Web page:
How many Americans will compete?
Team USA includes 530 athletes, enough to compete in 246 of 302 total medal events. They range in age from 15 to 54, and represent 45 states.
Among the most durable of the Team USA members are seven athletes who have been to four previous Olympics. Five of them are women: high jumper Amy Acuff, archer Khatuna Lorig, equestrian Karen O’Connor, volleyball player Danielle Scott-Arruda and shooter Kim Rhode. The men are equestrian Phillip Dutton and shooter Emil Milev. Another 21 Americans are returning for their fourth Olympics.
What events should I follow?
Part of the joy of the Olympics is stumbling upon events that you’d never otherwise see. But there are also many matchups that we consider required watching. Here are a few:
Phelps/Lochte: Perhaps the greatest rivalry this year. Michael Phelps, who is poised to break the record for most all-time Olympic medals, went 3-1 against Ryan Lochte at the Olympic trials. In London, they’ll likely go head-to-head in two events, the 200m and 400m medleys.
The women’s 200m: Every year since 2004, either in the Olympics or the world track and field championships, sprinters Allyson Felix and Veronica Campbell Brown have finished first and second. Felix, an American, has won three times at the worlds, while Campbell Brown took two Olympic golds. Their showdown in London is one of the 2012’s most anticipated matchups.
The women’s 100m hurdles: Yes, everyone will be watching to see if Lolo Jones can atone for her stumble in the finals at Beijing four years ago. But the woman who won gold that day, and who beat Jones in the Olympic trials this year, is Dawn Harper, who will be out to prove that 2008 wasn’t a fluke. Australian Sally Pearson is another big threat, as is Jamaican Brigitte Foster-Hylton.
The men’s 100m: This is the signature event for Jamaican Usain Bolt, the fastest man in the world, and the reigning Olympic champion from 2008. This year, Bolt has serious competition: American Tyson Gay, who beat Bolt in 2010, and countryman Yohan Blake, who edged out Bolt in both the 100m and 200m at the Olympic trials. London might be the place where Bolt’s reign ends.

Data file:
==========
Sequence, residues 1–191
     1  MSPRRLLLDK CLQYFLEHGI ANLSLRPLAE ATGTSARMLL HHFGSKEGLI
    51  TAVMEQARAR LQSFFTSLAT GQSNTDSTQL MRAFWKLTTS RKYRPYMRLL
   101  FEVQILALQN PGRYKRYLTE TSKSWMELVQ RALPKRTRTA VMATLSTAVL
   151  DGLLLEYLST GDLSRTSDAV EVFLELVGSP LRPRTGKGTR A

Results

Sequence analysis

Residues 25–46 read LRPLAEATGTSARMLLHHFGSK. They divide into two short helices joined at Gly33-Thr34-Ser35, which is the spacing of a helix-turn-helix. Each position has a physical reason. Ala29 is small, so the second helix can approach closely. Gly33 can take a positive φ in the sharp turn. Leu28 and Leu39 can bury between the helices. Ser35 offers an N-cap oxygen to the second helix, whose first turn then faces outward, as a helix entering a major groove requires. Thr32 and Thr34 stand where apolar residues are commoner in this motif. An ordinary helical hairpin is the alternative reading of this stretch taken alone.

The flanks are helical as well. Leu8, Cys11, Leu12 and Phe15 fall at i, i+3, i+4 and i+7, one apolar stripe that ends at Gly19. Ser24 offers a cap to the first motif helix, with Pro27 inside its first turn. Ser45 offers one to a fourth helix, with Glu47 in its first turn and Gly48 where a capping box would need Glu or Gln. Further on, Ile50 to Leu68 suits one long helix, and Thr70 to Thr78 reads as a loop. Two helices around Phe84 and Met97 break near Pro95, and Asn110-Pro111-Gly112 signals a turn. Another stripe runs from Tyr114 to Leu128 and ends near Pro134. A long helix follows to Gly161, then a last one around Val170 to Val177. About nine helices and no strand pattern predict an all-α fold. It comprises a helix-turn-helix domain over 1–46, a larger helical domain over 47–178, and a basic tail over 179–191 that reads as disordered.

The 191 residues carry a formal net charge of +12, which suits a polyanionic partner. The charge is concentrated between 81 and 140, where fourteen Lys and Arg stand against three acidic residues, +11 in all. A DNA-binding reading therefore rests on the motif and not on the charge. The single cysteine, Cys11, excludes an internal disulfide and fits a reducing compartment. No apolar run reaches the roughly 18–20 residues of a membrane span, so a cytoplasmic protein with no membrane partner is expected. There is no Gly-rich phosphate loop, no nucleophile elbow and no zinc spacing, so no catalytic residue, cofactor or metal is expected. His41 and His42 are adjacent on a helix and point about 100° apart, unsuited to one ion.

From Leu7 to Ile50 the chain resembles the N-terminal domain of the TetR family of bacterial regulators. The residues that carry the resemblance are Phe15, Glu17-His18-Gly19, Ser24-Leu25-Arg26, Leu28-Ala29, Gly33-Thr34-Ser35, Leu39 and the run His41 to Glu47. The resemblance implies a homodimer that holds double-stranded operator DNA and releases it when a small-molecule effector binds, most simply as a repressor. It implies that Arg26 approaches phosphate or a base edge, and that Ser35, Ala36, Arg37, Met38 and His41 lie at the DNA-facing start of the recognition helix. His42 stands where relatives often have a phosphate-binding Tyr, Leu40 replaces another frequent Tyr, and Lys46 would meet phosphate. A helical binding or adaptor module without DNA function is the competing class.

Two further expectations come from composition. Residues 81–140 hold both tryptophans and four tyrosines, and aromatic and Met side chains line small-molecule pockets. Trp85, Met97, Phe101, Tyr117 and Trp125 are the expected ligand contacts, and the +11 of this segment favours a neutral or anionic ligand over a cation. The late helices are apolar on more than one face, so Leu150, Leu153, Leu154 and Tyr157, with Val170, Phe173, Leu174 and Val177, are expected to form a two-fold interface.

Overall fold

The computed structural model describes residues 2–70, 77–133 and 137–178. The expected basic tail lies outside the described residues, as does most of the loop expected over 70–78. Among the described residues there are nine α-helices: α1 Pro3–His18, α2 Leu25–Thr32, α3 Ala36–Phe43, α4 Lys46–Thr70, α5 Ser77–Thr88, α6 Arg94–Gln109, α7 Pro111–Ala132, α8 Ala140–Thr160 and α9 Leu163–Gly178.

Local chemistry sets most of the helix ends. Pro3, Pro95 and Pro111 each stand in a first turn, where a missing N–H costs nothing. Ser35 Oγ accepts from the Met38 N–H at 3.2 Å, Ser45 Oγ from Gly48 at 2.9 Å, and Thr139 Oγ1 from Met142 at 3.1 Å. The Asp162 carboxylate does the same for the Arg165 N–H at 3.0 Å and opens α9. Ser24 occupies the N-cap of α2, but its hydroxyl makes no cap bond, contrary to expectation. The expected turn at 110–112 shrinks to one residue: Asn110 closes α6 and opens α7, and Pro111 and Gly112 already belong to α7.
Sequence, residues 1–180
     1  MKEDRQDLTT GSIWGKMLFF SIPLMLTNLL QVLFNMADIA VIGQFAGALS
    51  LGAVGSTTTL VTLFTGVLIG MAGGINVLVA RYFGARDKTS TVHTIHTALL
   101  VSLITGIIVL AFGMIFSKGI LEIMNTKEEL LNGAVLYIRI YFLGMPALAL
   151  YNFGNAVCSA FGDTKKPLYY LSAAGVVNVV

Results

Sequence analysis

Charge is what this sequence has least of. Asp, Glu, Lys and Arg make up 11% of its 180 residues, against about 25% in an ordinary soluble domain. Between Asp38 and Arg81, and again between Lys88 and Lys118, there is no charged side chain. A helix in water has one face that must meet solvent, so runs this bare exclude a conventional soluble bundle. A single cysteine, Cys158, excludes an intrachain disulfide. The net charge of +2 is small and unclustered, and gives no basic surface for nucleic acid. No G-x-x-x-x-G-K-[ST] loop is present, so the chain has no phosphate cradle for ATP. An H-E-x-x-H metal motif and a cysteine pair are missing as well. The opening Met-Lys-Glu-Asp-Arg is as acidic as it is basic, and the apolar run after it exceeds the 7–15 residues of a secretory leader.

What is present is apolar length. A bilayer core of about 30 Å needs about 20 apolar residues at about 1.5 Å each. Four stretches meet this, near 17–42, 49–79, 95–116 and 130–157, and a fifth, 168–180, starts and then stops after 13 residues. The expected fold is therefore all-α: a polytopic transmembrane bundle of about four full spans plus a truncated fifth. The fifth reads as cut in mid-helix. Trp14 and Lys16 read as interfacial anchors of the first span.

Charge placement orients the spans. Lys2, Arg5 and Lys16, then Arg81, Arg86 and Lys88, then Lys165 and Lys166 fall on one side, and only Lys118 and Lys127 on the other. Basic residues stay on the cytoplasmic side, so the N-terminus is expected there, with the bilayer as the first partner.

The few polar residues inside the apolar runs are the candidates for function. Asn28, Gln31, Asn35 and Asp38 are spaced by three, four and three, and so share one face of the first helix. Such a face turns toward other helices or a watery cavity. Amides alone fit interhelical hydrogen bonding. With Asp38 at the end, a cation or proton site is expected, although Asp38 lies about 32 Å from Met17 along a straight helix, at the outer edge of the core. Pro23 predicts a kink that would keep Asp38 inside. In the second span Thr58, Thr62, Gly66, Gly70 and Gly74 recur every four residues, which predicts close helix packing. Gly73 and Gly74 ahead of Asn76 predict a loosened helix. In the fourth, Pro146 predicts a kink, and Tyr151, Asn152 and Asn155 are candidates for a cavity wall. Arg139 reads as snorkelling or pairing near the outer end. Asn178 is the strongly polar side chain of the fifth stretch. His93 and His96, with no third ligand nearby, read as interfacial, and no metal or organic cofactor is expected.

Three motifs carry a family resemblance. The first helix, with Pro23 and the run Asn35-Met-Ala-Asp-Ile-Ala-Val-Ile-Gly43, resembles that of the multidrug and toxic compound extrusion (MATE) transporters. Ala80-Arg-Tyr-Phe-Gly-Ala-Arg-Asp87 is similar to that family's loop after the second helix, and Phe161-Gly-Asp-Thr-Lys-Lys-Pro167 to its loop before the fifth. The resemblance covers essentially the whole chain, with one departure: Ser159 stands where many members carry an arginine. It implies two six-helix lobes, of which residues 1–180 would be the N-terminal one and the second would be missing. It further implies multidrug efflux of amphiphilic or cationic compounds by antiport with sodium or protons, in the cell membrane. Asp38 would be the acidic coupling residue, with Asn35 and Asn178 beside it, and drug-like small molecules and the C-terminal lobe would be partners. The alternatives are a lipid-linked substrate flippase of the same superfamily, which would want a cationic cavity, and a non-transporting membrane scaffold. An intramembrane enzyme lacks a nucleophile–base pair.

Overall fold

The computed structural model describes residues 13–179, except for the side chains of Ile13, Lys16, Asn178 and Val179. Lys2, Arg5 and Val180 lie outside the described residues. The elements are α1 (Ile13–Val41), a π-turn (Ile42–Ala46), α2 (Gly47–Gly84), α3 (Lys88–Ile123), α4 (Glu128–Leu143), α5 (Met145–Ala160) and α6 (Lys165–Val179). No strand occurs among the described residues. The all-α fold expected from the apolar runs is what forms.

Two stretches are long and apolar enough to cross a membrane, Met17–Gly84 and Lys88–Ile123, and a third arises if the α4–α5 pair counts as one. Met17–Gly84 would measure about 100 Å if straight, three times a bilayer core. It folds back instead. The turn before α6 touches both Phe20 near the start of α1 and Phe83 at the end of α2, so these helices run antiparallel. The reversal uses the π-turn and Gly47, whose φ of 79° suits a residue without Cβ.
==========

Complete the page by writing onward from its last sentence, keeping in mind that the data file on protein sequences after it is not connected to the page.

Women’s soccer: Led by top scorer Alex Morgan and goalkeeper Hope Solo, the American team is the favorites to win gold, as they did in the last two Olympics. Their biggest obstacle remains Japan, whom the Americans beat earlier this year.
Women’s gymnastics: The U.S. team, anchored by Jordyn Wieber, is considered the front-runner, with China, the 2008 team gold winner, a close second. Don’t count the Russians out either; they came in second to the Americans at last year’s world championships.
Walsh Jennings/May-Treanor: The beach volleyball team of Kerri Walsh Jennings and Misty May-Treanor is back to defend their back-to-back gold medals at Athens and Beijing, an incredible run in which they didn’t lose a single match. But momentum isn’t necessarily on their side. Walsh Jennings took time out after Beijing to have a child. May-Treanor injured her Achilles tendon. They didn’t start playing together again until last year.
Men’s gymnastics: This will likely come down to a battle between China and Japan, with America trying to stay in the mix. China has dominated the sport so consistently for so long that they are enter the games as the favorites for gold. Japan, however, is a rising power, led by all around 2008 Olympic champion Kohei Uchimura.